How to use a ROI

aurora borealis
Introduction:

ROI is a comparative financial performance measure that stands for return on investment.  The technical formula for ROI is:

(gain from investment – cost of investment) / (cost of investment)

In other words the formula is simply net profit divided by total cost.

To put it in concrete terms, let’s say that someone invests $100 in books about how to code.  After they read the books, they start a small side business doing contract programming work from home.  At the end of the first year they’ve made $5,100 dollars with the coding business.  So to calculate the first year ROI, it would simply be profit divided by total cost, or $5,000 divided by $100, which equals 50.  Since ROI’s are usually expressed in percentage terms, that would be an ROI of 5,000%.

If this person continued to make $5,000 a year from their new coding business, the 10-year ROI would be about 10 times larger, so it doesn’t really make sense to compare ROI’s across different time periods.  That is why I use the same 10-year timeframe for all my analyses.

There are some investments, however, that deserve to be evaluated on a longer time frame, such as the value of a college education for example.  Another one that comes to mind is the impact of high fees on mutual funds and ETF’s.  For most scenarios, however, 10 years seems to work pretty well.

How to use a ROI:

I sort all of my ROI analyses by total value rather than their 10-year ROI to highlight the “investments” with the largest impact.  But working down that list would technically be an inefficient way to go.

The appropriate way to use a ROI, assuming one has a lump sum of money and is looking strictly at 10-year investments, is to start with the highest percentage ROI first and move down from there.  Even if the total value of the ROI is just a few pennies, it makes sense to prioritize a 5000% ROI above a 10% ROI.

The reasoning is that higher ROI’s tie up less cash.  A really big value but low ROI investment like making four extra meals at home per week ($17,000 value and 88% ROI) would tie up a large chunk of your money for 10 years when it probably would have been better to pick a few smaller value but higher-performance ROI’s like making your own coffee ($5,000 | 650%), cutting your own hair ($3,450 | 500%), getting a smart thermostat ($1,200 | 450%), etc.  This way, you could make the same amount of money with less initial investment, leaving excess cash to invest in even more things.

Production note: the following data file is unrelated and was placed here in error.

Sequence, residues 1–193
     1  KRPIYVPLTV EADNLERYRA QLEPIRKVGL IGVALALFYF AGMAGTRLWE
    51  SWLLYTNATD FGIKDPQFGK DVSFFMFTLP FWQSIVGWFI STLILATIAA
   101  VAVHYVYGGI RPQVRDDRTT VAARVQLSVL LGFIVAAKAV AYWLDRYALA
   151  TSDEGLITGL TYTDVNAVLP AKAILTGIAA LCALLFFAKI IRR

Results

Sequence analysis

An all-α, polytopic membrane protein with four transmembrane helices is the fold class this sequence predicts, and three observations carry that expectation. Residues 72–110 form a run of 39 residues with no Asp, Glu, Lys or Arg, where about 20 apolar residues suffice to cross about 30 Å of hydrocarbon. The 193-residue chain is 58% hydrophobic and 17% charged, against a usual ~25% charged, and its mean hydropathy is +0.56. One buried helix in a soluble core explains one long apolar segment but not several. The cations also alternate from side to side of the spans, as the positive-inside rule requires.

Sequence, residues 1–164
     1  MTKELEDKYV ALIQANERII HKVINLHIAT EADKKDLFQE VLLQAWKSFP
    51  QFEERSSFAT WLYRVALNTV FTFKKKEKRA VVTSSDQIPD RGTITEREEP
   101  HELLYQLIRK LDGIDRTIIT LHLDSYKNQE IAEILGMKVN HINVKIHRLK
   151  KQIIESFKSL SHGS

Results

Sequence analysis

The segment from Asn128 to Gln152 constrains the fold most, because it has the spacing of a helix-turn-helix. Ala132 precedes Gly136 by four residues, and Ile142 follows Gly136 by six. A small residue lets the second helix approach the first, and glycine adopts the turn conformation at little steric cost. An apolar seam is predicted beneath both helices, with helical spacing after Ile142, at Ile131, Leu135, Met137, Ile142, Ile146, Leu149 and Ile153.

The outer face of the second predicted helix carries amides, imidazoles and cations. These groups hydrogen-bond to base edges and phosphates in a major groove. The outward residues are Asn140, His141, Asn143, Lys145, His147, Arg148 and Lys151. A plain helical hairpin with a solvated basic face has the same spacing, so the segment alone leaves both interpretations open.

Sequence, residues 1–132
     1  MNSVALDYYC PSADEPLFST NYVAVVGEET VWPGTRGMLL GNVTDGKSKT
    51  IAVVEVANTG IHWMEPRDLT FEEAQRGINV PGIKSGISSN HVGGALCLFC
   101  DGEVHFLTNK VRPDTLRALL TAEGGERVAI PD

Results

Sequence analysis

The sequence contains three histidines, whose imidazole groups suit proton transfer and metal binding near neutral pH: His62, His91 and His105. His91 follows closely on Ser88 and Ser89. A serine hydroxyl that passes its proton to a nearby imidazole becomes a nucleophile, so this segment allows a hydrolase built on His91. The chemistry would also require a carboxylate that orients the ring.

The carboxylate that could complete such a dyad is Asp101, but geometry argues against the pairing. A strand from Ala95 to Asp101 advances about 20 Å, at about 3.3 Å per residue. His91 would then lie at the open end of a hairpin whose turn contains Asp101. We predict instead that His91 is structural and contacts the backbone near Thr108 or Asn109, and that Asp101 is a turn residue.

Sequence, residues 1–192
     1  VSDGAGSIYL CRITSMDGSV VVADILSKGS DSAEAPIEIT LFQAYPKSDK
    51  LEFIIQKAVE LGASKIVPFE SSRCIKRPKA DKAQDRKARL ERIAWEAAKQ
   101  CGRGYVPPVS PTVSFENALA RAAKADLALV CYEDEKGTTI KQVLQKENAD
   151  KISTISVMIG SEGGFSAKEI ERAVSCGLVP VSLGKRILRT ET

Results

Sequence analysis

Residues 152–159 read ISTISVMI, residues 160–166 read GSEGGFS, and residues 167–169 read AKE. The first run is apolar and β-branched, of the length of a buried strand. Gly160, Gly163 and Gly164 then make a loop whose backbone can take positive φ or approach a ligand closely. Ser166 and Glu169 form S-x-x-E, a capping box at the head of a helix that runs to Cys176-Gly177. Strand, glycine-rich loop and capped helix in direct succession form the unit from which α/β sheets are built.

coffee

So in the spirit of starting with the highest ROI and working down, here are the top 10 ROI analyses so far…

Top 10 ROI Scores:

(present value | ROI | payback period)

  1. Get rid of cable :: $7,403 | 12,338% | 0.1 years
  2. Work from home, get rid of car :: $106,106 | 1,768% | 0.1 years
  3. Cut your own hair (gals) :: $6,078 | 1,326% | 0.1 years
  4. Investing in low-cost ETFs :: | $15,284 | 1,243% | 0.1 years
  5. Not buying an electric toothbrush :: $589 | 982% | 0.1 years
  6. Work from home, keep car and other driving :: $49,917 | 832% | 0.2 years
  7. Sell car, buy bike (with exercise $$) :: $260,826| 743% | 0.1 years
  8. Make your own coffee before work :: $5,230 | 647% | 0.2 years
  9. Drinking at home instead of bars :: $12,986 | 624% | 0.2 years
  10. Cut your own hair (guys) :: $3,454 | 512% | 0.3 years

The list will likely change as I keep evaluating different scenarios, but I don’t plan on updating this post… the new ones will all be listed on the ROI Scoreboard anyway.

And that’s it for today.  Spend (invest) well!

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